Peg Sweeney, the Larches, and Bill Russell
Peg Sweeney’s work ethic, high level of energy, organization skills, and efficiency were qualities that equipped her to have one of the most important jobs at Draper Corporation in the 1950’s, but it was her qualities of warmth and sensitivity that made her such an effective leader. She was director of food services for the Larches, the executive mansion of the company, and for the Draper factory, which employed two thousand plus workers, back in the days when the Hopedale company was the largest manufacturer of automatic cotton looms in the world. With the scope and flexibility of her talents and personality, Peg was comfortable working with wealthy executives, as well as workers and customers in the foundry at the pushcart food wagon.
October 16, 1957 was a special evening in Hopedale . The Boston Celtics had come to town. An intra-squad exhibition basketball game was held at the Draper Gym. Five hundred fans enjoyed the passing wizardry of Bob Cousy, the shooting of Tommy Heinson, and the rebounding of Jim Luscatoff. After the game, members of the team were guests for a luncheon at the Larches. It was a very entertaining evening!
The honor of hosting the Celtics came about in an interesting way. The owner of the Celtics was Walter Brown, a resident of Hopkinton, who had a summer home in North Falmouth at New Silver Beach. His summer neighbors included Dr. John and Florence Cicchetti and Gerard and Peg Sweeney. It was Dr. Cicchetti who made arrangements with Brown to bring his team to Hopedale. It served as a pre-season promotional appearance for his players, and it gave Hopedale residents an exciting opportunity to visit their two year old gym.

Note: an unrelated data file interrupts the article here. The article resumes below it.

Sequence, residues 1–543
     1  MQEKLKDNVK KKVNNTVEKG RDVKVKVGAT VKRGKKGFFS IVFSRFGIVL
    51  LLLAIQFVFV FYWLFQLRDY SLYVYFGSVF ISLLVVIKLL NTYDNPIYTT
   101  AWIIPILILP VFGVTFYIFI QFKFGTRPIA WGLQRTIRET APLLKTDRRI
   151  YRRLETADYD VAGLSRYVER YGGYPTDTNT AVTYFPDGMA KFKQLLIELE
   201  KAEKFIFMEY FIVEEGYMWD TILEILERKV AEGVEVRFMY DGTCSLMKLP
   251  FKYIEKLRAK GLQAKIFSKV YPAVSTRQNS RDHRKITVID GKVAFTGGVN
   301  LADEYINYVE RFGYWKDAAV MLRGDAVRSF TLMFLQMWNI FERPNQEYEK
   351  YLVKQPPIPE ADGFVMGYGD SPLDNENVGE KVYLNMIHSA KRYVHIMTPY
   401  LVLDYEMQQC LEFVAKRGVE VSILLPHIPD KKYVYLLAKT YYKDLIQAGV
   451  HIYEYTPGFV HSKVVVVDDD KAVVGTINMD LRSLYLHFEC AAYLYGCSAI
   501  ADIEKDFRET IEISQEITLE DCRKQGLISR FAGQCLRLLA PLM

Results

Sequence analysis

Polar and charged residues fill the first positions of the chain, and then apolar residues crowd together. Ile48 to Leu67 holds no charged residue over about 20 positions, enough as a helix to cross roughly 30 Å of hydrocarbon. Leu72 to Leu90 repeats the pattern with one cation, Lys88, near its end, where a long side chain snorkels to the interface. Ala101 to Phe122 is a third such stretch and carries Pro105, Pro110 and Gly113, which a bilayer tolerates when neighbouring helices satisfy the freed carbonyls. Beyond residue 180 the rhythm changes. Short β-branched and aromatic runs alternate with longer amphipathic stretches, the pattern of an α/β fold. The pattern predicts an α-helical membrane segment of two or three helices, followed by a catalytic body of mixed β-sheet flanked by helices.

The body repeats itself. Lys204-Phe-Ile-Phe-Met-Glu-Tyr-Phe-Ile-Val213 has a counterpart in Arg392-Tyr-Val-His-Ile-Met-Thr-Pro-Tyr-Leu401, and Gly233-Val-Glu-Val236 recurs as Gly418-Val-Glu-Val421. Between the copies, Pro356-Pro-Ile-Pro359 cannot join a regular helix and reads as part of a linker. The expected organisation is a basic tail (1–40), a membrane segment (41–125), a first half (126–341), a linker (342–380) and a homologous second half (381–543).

The post game luncheon at the Larches was hosted by Draper executives. After a time of social mingling, the players and their wives began to be seated. It was at this time that the director of food operations was momentarily startled. One of the players was missing !! Without saying a word that might be a cause for alarm, she quietly went looking for him. Within a few minutes, she found him outside near the entrance. She spoke to him softly and assured him that he was most welcome. She took him by the hand and escorted him to the doorway and then discretely walked him to his seat. No one else was aware that the shy twenty-three year old rookie would have preferred to be on a gymnasium floor rather than being surrounded by the well-meaning, adoring executives. The remainder of the evening went very well.
It was Peg Sweeney’s kindness and sensitivity that averted a potentially awkward situation. Draper Corporation was very fortunate to have such a multi-talented high-level employee. She retired from her job at some time before her son Jay was born in 1958. As for the player, like Peg, he also excelled at his job. Before joining the Celtics, he led his college basketball team to a national title and led the U.S. Olympic team to a gold medal. As a professional, he led the Celtics to eleven NBA championships in thirteen years. His statue is being unveiled today (11-1-2013) at Boston’s City Hall Plaza. Peg had escorted to his seat Bill Russell, the greatest basketball player who ever lived.
(Information for this article was obtained from the Milford Daily News, Oct. 17, 1957 and from Peg, my friend and neighbor, after mentioning to her a few years ago, that I was in attendance at the game that night. Peg passed away earlier this year.)
October 22, 2013
A Tribute to Gerard and Peg Sweeney The Boston Celtics at the Draper Gym
Note: Russell’s first year with the Celtics was in the 1956-57 season. He didn’t play in Hopedale that year because that event was during the pre-season and Russell was on the U.S. Olympic team at that time. He joined the Celtics after his time as captain of the Olympic team.